Guinea Pigs and Cat of Poisoned Russian Double Agent Sergei Skripal Are Dead

British authorities have said that two Guinea pigs and a cat owned by former Russian double agent Sergei Skripal died in the wake of his poisoning—allegedly carried out by Moscow—in the U.K. city of Salisbury. 

Skripal, a former officer for Russia’s military intelligence who switched allegiances to the United Kingdom, was victim of an apparent chemical attack almost a month ago. Forensic analysis revealed that Skripal and his daughter first came into contact with a nerve agent at their house, with the highest concentration of it found on their front door.

Related: Russia likens U.S. meddling comments to Nazi German propaganda

The attack triggered a mass expulsion of Russian diplomats from dozens of countries after the U.K. alleged that the subtance came from Russia. But Moscow has repeatedly casted doubt over the British investigation, questioning its logic and protesting that the Kremlin receives no special briefings about the victims’ health.

It was Russia’s Foreign Ministry and embassy in London that raised questions about the fate of the Skripal family pets. The embassy said in a statement that Sergey and Yulia Skripal had two guinea pigs and two cats.

“To better understand what happened to Sergey and Yulia Skripal, it is essential to know if the animals also suffered from chemical poisoning,”the statement read. “We have therefore officially requested the Foreign Office to provide us with the respective information, including on whether the animals are receiving any treatment.”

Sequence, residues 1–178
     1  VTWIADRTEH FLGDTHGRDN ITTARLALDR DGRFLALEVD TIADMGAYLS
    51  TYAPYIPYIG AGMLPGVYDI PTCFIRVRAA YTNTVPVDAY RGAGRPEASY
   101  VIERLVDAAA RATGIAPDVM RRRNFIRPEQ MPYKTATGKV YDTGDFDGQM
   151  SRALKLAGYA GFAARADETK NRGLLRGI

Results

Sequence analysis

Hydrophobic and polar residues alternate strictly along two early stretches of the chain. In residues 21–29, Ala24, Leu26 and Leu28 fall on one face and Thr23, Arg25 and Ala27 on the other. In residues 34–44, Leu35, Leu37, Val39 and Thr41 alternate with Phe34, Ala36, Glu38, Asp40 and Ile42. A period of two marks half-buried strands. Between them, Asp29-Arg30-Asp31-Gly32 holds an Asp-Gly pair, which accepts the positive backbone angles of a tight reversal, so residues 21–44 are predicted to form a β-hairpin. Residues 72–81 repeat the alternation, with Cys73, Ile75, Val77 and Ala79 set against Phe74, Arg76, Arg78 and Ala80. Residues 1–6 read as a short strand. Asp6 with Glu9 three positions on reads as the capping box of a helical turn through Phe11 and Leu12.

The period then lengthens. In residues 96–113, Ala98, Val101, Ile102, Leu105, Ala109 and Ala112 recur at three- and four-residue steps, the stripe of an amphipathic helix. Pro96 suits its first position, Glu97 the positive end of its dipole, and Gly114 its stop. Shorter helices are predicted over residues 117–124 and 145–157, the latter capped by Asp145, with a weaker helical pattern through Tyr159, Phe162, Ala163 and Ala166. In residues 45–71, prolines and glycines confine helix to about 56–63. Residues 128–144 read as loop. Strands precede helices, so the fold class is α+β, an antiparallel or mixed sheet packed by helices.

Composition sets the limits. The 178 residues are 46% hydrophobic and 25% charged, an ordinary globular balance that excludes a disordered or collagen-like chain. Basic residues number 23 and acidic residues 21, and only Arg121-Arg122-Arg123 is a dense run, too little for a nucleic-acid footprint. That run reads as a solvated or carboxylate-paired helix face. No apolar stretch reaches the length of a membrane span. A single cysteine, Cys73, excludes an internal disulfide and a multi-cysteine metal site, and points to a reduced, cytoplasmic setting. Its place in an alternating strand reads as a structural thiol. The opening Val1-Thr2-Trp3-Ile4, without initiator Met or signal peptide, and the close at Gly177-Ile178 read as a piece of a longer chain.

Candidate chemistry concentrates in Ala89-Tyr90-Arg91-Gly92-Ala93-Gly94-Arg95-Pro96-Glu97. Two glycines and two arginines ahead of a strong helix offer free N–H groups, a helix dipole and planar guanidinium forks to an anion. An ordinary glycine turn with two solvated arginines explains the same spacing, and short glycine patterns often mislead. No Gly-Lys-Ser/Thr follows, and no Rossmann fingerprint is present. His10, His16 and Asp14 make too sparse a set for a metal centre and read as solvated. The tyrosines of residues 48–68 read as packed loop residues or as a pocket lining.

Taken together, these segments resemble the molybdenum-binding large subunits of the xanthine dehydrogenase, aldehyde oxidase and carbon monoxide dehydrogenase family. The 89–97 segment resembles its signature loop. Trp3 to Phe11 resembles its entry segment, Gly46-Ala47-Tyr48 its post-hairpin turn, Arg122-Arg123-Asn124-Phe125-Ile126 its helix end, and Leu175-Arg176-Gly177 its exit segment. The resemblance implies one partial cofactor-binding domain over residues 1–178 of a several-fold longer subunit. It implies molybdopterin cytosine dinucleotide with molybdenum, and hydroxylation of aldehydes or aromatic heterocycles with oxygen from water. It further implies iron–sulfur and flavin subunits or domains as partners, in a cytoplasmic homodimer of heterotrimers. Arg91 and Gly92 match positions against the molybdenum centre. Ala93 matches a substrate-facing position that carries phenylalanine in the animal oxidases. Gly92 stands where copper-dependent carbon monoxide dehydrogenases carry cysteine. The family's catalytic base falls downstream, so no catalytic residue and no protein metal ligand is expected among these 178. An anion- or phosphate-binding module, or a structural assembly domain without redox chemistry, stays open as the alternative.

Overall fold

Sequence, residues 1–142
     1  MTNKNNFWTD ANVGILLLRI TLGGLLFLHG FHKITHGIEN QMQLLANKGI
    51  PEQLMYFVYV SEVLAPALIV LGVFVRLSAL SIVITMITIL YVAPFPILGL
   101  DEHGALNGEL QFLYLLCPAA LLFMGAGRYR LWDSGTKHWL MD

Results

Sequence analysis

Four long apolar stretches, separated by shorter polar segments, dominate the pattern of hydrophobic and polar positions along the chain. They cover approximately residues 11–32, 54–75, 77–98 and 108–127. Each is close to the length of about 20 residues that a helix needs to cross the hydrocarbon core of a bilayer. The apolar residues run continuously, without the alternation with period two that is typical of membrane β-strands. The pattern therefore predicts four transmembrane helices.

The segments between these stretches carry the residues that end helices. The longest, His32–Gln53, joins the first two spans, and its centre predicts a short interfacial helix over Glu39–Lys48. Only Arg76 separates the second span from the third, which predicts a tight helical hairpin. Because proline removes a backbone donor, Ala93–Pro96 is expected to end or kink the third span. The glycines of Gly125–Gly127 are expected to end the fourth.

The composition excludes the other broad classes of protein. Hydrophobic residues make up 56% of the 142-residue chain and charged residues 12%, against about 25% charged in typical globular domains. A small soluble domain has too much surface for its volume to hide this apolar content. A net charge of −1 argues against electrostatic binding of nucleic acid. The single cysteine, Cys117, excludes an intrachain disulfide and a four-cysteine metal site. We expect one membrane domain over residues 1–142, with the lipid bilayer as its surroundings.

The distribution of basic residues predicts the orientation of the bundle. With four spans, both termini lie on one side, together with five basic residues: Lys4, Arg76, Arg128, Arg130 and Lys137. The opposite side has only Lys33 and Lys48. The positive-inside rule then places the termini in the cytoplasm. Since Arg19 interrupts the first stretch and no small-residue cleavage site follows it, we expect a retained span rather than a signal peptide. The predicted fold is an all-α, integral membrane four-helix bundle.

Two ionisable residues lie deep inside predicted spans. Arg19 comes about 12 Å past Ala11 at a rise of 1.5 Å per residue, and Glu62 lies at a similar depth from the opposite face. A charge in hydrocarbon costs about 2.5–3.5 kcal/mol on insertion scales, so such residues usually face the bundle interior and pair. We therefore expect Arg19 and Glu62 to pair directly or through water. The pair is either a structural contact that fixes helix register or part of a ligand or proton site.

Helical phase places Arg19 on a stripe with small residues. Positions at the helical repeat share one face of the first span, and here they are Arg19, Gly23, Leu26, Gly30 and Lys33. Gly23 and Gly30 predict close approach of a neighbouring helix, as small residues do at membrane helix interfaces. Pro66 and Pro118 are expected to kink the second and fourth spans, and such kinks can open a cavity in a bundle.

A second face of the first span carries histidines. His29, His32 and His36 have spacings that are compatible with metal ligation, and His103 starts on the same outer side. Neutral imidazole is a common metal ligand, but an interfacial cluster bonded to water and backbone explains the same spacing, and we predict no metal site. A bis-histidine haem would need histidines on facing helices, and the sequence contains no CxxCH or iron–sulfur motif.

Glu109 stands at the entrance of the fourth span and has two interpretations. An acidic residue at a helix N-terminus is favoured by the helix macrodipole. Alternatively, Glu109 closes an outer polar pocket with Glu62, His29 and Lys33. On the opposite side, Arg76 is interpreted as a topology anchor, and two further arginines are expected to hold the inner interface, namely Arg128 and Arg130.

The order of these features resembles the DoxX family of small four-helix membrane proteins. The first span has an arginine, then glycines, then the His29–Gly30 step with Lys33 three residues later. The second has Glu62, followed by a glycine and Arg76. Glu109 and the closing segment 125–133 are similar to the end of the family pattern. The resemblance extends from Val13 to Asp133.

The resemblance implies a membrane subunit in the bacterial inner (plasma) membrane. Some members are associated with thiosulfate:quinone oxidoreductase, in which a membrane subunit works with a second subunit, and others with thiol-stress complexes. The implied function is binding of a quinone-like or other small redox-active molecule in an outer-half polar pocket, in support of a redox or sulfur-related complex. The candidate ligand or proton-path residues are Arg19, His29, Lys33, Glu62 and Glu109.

The response arrived quickly, though from the Department for Environment, Food and Rural Affairs rather than the Foreign Office.

04_06_Skripal Police officers in black protective suits arrive with new equipment in the cordoned off area around The Mill public house, which had been visited by Sergei Skripal, in Salisbury, Britain, April 4, 2018. Hannah McKay/Reuters


"When a vet was able to access the property, two guinea pigs had sadly died," a spokeswoman for the British environment ministry told AFP late on Thursday.

"A cat was also found in a distressed state and a decision was taken by a veterinary surgeon to euthanize the animal to alleviate its suffering. This decision was taken in the best interests of the animal and its welfare." 

Whether the Skripal family had a second cat is not immediately clear.

Meanwhile, the British ambassador to the United Nations, Karen Pierce,  has compared welcoming Russia as part of the investigation to “Scotland Yard inviting in Professor Moriarty,” in reference to the arch nemesis of fictional detective Sherlock Holmes.